When Dessie O’Hare was released in 2008 after serving half of a 40 year prison sentence for the kidnap and malicious wounding of a Dublin dentist, the country’s most notorious terrorist tried to convince the world that he turned to God.
To prove his Damascene conversion the baby-faced psychopath spent a weekend meditating in the Glencree Peace and Reconciliation while on temporary release.
During another period of temporary release in 2008 he went with his wife on a pilgrimage to Medjugorje.
But those who knew O’Hare best, knew that it was purely a ruse and that he would be up to his old tricks in no time.
Today the Special Criminal Court heard that the former INLA man, known as “The Border Fox”, said that he was employed by businessman Jim Mansfield Junior to evict an employee and his family from his home. He also pleaded guilty to assault and false imprisonment of the same employee.
To the innocent observer O’Hare presents as soft-spoken and inoffensive, yet the Border Fox was one of the most notoriously violent and dangerous terrorists to emerge during the Troubles who is believed to have been responsible for a string of murders during his time.
He led a gang of like-minded thugs on a crime and terror spree along the Border carrying out armed robberies and sectarian shootings. On several occasions the gang opened fire on gardaí and also exchanged fire with the Irish Army.
The Border Fox robbed weapons from a Provo arms dump in south Armagh and attempted to murder Official Unionist MP Jim Nicholson.
The Provos were concerned that his erratic and unpredictable behaviour was jeopardising their own operations in the border area and they warned the INLA leadership that O’Hare would be shot if they didn’t reign him in.
Born in County Armagh in 1958 he was a member of the IRA at the age of sixteen and quickly acquired a reputation as a ruthless and fearless killer.
In 1979 he switched sides and joined the INLA but was arrested by gardaí south of the border after he and an associate had been chased by the RUC. He was convicted of possession of a firearm and sentenced to nine years in Portlaoise prison where he was described as a loner and general odd ball.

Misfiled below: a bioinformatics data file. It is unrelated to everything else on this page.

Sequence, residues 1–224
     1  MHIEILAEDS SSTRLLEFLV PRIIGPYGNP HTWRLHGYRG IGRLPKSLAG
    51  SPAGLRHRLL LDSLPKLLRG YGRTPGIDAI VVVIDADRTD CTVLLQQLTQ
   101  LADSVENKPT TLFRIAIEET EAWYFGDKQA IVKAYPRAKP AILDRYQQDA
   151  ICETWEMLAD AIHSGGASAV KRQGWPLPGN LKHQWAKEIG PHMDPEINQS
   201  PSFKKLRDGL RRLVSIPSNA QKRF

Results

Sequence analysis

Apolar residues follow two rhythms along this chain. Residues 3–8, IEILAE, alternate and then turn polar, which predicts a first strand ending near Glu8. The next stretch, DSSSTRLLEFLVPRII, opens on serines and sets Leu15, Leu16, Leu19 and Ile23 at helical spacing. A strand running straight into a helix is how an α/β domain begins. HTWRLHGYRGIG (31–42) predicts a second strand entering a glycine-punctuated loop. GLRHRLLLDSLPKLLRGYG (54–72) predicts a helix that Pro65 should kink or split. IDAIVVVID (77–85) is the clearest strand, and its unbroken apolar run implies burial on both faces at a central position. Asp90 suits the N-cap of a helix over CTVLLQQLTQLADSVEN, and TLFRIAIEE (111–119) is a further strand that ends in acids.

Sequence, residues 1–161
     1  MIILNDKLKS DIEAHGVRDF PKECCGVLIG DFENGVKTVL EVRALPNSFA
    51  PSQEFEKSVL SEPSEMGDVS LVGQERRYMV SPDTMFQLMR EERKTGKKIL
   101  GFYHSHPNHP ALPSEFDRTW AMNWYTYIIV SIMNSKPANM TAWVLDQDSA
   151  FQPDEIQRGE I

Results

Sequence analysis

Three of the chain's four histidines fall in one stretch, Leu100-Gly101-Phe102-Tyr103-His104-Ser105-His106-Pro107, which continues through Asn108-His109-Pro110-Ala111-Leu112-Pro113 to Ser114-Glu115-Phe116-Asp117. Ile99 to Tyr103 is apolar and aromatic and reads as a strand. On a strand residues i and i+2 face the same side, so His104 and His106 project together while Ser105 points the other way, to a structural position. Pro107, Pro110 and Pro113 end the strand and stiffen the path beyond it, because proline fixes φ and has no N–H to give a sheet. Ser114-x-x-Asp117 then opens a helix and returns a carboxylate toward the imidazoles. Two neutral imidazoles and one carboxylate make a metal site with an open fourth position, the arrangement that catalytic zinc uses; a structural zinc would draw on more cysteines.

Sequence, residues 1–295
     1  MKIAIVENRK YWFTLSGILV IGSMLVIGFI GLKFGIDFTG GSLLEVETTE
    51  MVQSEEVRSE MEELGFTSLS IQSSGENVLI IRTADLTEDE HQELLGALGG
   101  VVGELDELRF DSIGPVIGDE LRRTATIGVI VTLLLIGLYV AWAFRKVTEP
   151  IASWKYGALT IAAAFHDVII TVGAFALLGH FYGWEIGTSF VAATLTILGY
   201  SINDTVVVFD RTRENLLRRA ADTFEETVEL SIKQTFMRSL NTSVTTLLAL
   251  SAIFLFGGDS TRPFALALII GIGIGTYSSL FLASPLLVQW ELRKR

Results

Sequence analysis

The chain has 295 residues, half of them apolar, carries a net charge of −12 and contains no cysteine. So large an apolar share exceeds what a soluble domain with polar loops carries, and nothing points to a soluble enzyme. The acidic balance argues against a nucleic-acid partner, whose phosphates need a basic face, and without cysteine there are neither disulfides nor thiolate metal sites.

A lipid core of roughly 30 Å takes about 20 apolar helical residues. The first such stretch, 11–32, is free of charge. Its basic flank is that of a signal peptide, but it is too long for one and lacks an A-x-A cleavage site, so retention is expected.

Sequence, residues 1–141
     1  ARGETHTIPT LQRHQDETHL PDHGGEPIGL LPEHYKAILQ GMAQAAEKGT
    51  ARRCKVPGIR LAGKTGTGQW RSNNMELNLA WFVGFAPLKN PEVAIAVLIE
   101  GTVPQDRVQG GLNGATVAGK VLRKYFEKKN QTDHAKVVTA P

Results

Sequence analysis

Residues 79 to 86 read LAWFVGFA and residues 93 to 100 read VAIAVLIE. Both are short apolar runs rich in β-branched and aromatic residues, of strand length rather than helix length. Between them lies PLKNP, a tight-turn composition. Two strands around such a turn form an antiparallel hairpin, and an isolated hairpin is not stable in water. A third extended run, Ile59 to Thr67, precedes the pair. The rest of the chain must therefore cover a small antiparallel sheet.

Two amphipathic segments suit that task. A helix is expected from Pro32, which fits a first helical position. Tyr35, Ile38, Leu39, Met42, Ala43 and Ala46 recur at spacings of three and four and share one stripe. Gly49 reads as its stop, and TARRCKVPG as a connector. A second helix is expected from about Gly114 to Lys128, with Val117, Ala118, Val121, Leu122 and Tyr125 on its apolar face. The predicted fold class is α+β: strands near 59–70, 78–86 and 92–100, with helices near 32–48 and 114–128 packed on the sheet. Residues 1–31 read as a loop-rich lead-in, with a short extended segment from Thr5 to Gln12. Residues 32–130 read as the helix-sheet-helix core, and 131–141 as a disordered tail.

When he was released in October 1986, O’Hare told gardaí that he had become a pacifist after studying the works of Martin Luther King, Mahatma Gandhi and Owen Sheehy Skeffington. But his pacifism did not last long.
On New Years Eve 1986 he shot and wounded a protestant neighbour, who was a part time member of the Ulster Defence Regiment (UDR). The shooting victim’s 72-year-old mother was shot dead in the attack.
At the same time O’Hare became involved in a bloody internal feud which claimed several lives.
In February 1987 O’Hare abducted Tony McCloskey, a member of the Army Council Faction and used bolt cutters to cut off McCloskey’s ear and some of his fingers. Then he and a female companion took turns pumping bullets into McCloskey’s mutilated body.
O’Hare later told the Sunday Tribune that he was happy to give McCloskey a hard death.
In the bloodshed that followed O’Hare was blamed for killing another three members of the Army Council faction.
Shortly after the McCloskey incident and attracting the ire of the Provos, O’Hare was expelled from the criminal organisation.
It was then that he plotted the kidnapping of Dublin dentist John O’Grady.
While demanding a ransom of IR£1.5 million O’Hare chopped off the dentist’s two little fingers which he then left in an envelope for his victim’s family behind a statue in Carlow cathedral.
After he was sentenced to 40 years for those crimes in the Special Criminal Court, O’Hare made a bizarre speech from the dock in which he declared:
“The time has come for republican freedom fighters to turn their guns on members of the Irish establishment particularly the judiciary, members of the prison service, the Navy, the Army and the Gardai.”